Tuesday, June 2, 2015

Meditation and Poetics - 101 - Haiku and Trikaya - 2

It struck me that the one perfect haiku that I wrote in Court the other day (sic), in Golden Courthouse, [Golden, Colorado] did actually examine, ((in) hindsight, written before (Chogyam) Trungpa (Rinpoche)’s discourse), did actually fit into that (three-part [trikaya] conception). The first line was – “In Golden Court, waiting for the judge, breathing silent”. So there’s an open space where there are bodies and breath. Then an identification of the personages there, recognition – “Prisoners, witnesses, police”. And then the comment (not in the form of a moral, but in the form of another issue, another image, which describes the feeling-tone of the situation, which is actually anxiety accompanied with boredom, in a Court, when you’re waiting - If you’ve ever been in a Court, on the dock, you know that nervousness and anxiety). So the comment was – “The stenographer yawns into her palms”. (incidentally, put in the form of a physical image, rather than an anxiety boredom) –  “The stenographer yawns into her palms”. So you have the scene – the open scene – “Golden Court, waiting for the judge breathing silent/Prisoners, witnesses, police/The stenographer yawns into her palms”. 

Remember the one about trying to pick up a stone? – “Not a single stone/to throw at the dog/The wintry moon”. You get something of that in that – in the first two lines, you have the field, the frozen field, and the frozenness – “Not a single stone” – what for? – in a sense of recognition – “to throw at the dog”. And then the comment on it – “The wintry moon” – Either blank wintry moon, nowhere to go, just cold white moon above. Also, a distraction from that, a breaking of the anger or a gap and then the anger disappears – “The wintry moon” – So the disappearance of the anger is a comment on the anger, as well as the frozenness of the situation. It’s very subtle and works on a lot of different (levels), refracted from a lot of different angels, obviously, but, as a basic structure, Trungpa’s statements struck me as being pretty smart actually – sharp, I thought. I learned something from it.  Yeah?

Student: (I read it as having a) fourth line - "the wintry moon"
AG: Pardon me?
Student: (I read it that the) third line is being suppressed (and that it's a) curse or something and “wintry moon” is the fourth line.
AG: Well, the curse itself could be - “Not a single stone to throw at the dog!/The wintry moon” - It’s the frustration of that, also . Or the bitter freeze of it. I don’t know. It would be interesting to do an actual examination of really good haiku to see how they were ordered in the mind, what was the order of the lines, whether it did follow any kind of pattern like that.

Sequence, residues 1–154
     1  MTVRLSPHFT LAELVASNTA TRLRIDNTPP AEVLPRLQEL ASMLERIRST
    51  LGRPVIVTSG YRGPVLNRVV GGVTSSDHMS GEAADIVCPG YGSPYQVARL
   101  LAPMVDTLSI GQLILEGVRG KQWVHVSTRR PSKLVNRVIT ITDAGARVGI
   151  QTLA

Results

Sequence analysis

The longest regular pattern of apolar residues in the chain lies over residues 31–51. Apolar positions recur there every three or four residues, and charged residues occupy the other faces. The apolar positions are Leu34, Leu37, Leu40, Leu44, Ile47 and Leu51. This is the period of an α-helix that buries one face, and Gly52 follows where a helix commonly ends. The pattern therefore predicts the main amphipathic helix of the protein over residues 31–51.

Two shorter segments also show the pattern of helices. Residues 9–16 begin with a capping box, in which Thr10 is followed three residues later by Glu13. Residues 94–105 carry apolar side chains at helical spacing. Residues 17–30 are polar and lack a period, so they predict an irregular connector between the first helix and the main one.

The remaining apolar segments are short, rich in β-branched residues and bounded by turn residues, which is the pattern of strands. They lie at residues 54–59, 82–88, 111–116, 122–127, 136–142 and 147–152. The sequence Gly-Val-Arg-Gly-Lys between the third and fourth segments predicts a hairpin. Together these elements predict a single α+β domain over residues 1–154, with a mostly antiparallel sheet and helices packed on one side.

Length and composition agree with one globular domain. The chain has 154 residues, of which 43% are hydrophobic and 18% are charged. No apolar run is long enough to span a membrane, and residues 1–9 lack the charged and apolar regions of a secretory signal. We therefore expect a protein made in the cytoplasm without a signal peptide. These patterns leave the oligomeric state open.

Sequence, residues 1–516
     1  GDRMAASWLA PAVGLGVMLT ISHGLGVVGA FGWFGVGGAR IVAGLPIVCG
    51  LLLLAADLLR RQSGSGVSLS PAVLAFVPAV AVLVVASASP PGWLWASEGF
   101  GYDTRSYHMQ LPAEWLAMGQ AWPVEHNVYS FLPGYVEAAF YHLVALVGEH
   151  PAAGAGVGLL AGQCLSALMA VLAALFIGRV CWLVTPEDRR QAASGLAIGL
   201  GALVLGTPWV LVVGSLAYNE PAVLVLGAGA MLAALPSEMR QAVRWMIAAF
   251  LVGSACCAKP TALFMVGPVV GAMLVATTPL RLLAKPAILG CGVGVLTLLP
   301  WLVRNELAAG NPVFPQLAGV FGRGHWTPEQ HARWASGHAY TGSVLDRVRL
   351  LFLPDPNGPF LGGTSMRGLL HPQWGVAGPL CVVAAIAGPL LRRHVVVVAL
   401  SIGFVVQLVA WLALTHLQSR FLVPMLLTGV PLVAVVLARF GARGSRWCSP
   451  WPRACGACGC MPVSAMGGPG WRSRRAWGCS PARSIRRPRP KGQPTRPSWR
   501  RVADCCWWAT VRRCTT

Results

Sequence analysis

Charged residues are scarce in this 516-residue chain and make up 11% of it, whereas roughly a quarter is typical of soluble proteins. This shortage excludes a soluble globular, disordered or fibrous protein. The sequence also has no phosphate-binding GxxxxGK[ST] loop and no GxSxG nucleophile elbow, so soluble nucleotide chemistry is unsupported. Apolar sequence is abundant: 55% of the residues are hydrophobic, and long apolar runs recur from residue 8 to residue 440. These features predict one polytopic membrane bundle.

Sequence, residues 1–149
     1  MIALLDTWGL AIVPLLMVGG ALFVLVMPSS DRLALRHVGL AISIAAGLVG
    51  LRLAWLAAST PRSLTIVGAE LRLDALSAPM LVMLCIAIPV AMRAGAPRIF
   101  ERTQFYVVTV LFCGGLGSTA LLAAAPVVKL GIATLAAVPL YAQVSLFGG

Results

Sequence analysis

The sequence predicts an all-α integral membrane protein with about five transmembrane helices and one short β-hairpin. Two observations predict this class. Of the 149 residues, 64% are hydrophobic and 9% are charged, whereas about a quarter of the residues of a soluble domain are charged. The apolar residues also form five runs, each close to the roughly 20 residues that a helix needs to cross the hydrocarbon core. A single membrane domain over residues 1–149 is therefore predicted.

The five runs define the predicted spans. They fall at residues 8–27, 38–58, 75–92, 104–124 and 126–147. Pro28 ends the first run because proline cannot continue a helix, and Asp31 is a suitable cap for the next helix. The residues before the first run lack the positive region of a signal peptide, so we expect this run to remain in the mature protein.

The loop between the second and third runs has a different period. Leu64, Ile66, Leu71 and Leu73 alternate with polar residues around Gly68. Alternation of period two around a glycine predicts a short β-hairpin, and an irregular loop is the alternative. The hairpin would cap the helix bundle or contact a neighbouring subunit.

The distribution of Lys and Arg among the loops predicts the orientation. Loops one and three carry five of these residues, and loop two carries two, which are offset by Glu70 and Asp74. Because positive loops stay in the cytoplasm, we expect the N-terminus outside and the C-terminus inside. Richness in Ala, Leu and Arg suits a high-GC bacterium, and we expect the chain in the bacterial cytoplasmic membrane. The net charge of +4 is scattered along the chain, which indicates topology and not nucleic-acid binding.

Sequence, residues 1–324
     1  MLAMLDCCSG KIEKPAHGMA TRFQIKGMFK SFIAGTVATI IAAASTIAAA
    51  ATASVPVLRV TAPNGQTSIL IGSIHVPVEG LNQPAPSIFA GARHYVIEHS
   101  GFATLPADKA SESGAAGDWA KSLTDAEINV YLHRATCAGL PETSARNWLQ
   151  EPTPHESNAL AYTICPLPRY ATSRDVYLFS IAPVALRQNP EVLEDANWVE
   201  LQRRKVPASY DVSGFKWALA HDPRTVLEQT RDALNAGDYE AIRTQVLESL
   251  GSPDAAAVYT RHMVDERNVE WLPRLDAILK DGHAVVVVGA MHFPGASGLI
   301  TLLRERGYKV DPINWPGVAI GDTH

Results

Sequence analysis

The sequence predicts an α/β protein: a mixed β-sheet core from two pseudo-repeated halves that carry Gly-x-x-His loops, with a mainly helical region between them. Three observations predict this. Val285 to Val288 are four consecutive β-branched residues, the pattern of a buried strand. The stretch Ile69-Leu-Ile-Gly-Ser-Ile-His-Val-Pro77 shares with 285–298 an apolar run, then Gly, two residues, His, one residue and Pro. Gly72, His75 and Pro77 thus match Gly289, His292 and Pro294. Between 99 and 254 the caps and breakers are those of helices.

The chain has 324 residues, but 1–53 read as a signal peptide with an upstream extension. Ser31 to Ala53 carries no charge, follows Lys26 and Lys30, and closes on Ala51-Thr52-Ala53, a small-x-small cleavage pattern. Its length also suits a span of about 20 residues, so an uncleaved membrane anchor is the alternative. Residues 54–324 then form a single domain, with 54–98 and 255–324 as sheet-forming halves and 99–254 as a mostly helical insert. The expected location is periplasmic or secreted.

Trungpa was asserting this, incidentally, as the actual pattern of the phenomena of perception or thinking – thinking-perception. And I thought that was really interesting  because I’d never heard it laid out so simply in its application to poetics. He did give a lecture earlier this year in which he was talking about calligraphy and flower-arrangement in a similar triad (as Heaven-Earth-Man)  - Open space of Heaven, grounding in form on Earth, and then the comment on it – Man, or the interpreter. Heaven empty open sunyata – Emptiness. Earth, a form – the place here that we know, this recognizable place. And then Man as the uniter of both – the intellectual uniter, the one in whose awareness both are included – Heaven and Earth. You couldn’t have Heaven and Earth without Man to see them. 

                                                                  [Heaven, Earth, Man]

Anyway it struck me as a real sharp thing and I was astounded when he said (that) in Tibetan poetry every line of poetry followed that schemata. It would mean a lot of poets totally sunk into their minds, if this was true mind operation.

But I was always interested in poetry as exemplary of the operation of the mind, or as a manifestation of operation of mind-consciousness, and that’s what this course has been about. So I called it “Meditation and Poetics” and that’s what I’ve been trying to get to, though my understanding of how mind operates is relatively limited, as well, I guess, as anybody. Everybody has theories, but I’m thinking, by practical observation, what do you come to? - through practical observation (which is like our sitting here (each day in class for) ten minutes). After long familiarity of mind, do you come to any such conclusion or do you come to some different conclusion? -  Yeah?